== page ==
Feb 2024: The Senate HELP Committee Takes Aim at Drug Patent Abuse

8 Mar 2024

In the decade that we’ve been working on patent reform in the U.S., we’ve been told time and time again that the issue is just too confusing, too wonky, for legislators to take up and run with.

We’ve always known that’s not the case, so the recent HELPCommittee hearing was a welcome reminder that patent reform is firmly established on the political agenda.

Over the course of the hearing – which set out to answer why the U.S. pays the highest prices in the world by interrogating the CEOs of Johnson & Johnson, Merck, and Bristol Myers Squibb (BMS) – patent abuse took center stage. I was honoured to testify and provide my expertise, but it was clear a number of Senators had already done their homework and possessed an in-depth understanding of the drug patent problem.

I will do my best to keep this brief, but here are six important highlights:

  • Sen. Maggie Hassan (D-NH) called out drugmakers for filing “dozens, even hundreds of frivolous patents” and “play[ing] games with the patent system”.
  • Sen. Ben Ray Luján (D-NM) made a critical intervention when he asked Robert Davis, the CEO of Merck, if he would commit to not blocking other drugmakers from entering the market when the primary patent on Keytruda expires. Mr. Davis went on record saying that when the main composition of matter patents (the primary patents) expire on Keytruda, Merck will not stop an IV (intravenous) version of the drug from coming onto the market. It’s worth noting Mr. Davis’s sleight of hand in singling out the IV version. This is because Merck hopes to switch to a subcutaneous version of the drug for which they have additional patent protection that will help them maintain their monopoly in the market. I challenged Mr. Davis’s response, highlighting how Merck has patent protection on Keytruda until at least 2039 and why we’re not likely to see competition due to litigation until 2034.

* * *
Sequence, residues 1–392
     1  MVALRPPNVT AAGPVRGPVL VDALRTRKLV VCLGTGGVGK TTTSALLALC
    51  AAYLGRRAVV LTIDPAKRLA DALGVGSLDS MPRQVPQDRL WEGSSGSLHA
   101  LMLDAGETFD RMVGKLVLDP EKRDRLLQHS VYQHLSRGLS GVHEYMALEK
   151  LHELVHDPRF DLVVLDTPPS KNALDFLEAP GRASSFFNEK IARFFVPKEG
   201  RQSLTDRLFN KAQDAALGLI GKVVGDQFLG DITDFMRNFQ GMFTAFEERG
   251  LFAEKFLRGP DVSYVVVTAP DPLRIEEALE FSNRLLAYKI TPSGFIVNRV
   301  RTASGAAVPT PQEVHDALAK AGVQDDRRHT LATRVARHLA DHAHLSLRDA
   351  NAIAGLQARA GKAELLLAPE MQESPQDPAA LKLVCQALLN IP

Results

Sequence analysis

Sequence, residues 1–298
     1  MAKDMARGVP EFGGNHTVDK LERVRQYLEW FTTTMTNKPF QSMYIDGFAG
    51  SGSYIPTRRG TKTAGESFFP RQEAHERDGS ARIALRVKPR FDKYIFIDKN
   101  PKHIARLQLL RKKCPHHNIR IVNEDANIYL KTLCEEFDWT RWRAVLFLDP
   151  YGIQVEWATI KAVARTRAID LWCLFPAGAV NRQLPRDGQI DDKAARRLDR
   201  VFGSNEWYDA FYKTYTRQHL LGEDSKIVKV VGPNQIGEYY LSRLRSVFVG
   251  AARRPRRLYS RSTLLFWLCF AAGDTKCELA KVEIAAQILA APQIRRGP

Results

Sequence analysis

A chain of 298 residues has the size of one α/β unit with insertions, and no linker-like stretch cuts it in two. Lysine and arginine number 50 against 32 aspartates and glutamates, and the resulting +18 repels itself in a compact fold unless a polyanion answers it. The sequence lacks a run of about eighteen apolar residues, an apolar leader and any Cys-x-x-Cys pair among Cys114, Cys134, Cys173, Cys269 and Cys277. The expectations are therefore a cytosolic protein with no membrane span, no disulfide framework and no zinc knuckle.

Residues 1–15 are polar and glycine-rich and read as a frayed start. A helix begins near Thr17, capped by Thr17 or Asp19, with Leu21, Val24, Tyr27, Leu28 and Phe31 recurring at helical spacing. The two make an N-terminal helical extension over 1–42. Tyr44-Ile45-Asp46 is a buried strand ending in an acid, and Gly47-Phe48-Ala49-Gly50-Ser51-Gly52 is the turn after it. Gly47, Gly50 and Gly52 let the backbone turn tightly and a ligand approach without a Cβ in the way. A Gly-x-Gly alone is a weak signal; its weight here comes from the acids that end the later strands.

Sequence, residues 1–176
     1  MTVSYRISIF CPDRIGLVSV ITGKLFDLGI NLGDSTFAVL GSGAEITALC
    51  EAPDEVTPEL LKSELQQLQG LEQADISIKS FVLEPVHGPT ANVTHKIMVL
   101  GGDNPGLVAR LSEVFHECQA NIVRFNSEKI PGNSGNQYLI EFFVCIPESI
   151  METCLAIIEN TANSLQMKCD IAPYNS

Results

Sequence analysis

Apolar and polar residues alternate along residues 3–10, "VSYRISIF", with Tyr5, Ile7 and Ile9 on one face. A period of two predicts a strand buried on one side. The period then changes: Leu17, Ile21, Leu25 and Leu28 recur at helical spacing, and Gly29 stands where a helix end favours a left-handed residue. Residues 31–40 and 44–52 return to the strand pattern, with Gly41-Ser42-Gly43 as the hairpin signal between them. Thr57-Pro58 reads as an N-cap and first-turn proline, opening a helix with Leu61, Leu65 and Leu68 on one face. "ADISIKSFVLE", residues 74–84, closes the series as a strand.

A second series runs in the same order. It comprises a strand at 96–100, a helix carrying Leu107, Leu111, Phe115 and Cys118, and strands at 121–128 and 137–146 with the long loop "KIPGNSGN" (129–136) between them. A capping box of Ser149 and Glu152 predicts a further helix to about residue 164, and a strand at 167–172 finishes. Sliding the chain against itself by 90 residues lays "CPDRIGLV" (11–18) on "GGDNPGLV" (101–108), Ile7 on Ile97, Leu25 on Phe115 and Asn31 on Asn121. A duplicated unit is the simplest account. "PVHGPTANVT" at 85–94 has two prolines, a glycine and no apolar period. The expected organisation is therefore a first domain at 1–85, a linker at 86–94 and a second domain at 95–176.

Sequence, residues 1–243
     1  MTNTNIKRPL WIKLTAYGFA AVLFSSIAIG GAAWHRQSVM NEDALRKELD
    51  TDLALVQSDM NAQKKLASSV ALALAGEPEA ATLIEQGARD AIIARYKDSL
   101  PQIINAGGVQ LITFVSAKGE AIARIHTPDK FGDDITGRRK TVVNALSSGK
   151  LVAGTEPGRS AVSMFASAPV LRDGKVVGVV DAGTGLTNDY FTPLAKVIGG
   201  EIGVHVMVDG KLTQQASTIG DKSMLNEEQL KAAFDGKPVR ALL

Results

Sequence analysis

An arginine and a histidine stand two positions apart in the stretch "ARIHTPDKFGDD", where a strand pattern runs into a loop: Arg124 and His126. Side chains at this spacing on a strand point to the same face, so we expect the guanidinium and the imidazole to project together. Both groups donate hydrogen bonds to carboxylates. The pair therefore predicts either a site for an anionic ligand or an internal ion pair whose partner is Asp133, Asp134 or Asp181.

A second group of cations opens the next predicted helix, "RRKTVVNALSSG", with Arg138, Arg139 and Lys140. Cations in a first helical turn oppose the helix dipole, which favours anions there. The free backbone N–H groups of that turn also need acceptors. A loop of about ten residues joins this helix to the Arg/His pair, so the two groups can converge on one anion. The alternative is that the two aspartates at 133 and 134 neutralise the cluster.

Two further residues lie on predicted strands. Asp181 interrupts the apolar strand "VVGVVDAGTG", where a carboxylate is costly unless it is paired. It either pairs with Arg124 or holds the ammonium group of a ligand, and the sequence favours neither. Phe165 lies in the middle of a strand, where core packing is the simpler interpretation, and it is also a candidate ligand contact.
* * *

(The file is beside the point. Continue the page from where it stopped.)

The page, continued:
• Sen. Luján also asked the same question of BMS’s CEO, Chris Boerner, with respect to its product Eliquis. Much like Merck’s CEO, Mr. Boerner eluded the question by saying BMS would allow competition on Eliquis when the “most relevant” patents expire. Fortunately, Sen. Luján recognised Mr. Boerner’s slippery word games by trying to conflate primary patents with relevant patents, which would include other secondary patents that extend BMS’s protection on the drug.
  • My fellow panelist Peter Maybarduk of Public Citizen made sure that the hearing’s scrutiny focused on drugmakers’ ability to set high prices, telling Senators that “the fish rots from the head.”
  • Sen. Ed Markey (D-MA) evoked his father, who passed away due to lung cancer, in pointing out the many consequences of overpatenting. Massive patent estates, he said, don’t just block competition and delay lower-cost medicines, they also ‘thwart smaller companies from making the breakthroughs that drive new inventions forward”.
  • Finally, the Committee’s official report cited I-MAK’s database, The Drug Patent Book, in its detailing of how drug companies game the patent system to extend their monopolies.

Critics often claim that hearings like this are political theater, but I disagree. This hearing brought much-needed accountability to the industry and its canned talking points while social media and traditional press coverage by outlets including CNNThe New York Times, and CNBC informed the public of the true forces driving America’s drug pricing crisis. As Justice Louis Brandeis once said, “sunlight is said to be the best of disinfectants”.


Relevant News Rundown

The focus on patent abuse wasn’t limited to the HELP Committee. Sen. Peter Welch (D-VT) hosted a panel discussing his newly introduced bill and what must be done to address patent thickets. Sen. Welch was joined by Sen. Amy Klobuchar (D-MN), advocates, and patients who testified to the devastating impact of patent abuse.

We also saw increased scrutiny on sham Orange Book listings manifest as drugmakers continued to delist illegitimate patents thanks to ongoing pressure from the FTC, Sen. Elizabeth Warren (D-MA), Sen. Tammy Baldwin (D-WI), and Rep. Pramila Jayapal (D-WA).

AbbVie CEO Richard Gonzalez announced he’ll soon be stepping down from his position, retiring as one of the most prolific abusers of the U.S. patent system ever. While that must be an immutable part of his legacy, we know that overpatenting is not a bad actor problem but a systemic one.

Useful Reading

This useful report from the Economic Security Project provides both a detailed landscape of modern monopolies and a 4-pillar strategy for building a future beyond them. From drug pricing to groceries, it starts with breaking monopolies’ stranglehold over our economy.

We recently partnered with Politico to release a brief highlighting our new blueprint for reform. The brief clearly explains how reforming the U.S. patent system gets to the root of reducing prescription drug costs and improving competition.

For a sense of patent reform’s bipartisan appeal, you can read the America First Policy Institute’s brief on why patent abuse keeps prescription drugs unaffordable as well as this Washington Examiner Op-Ed from former Louisiana governor Bobby Jindal and Charlie Katebi, both of which cite data from our Top Selling Drugs research.

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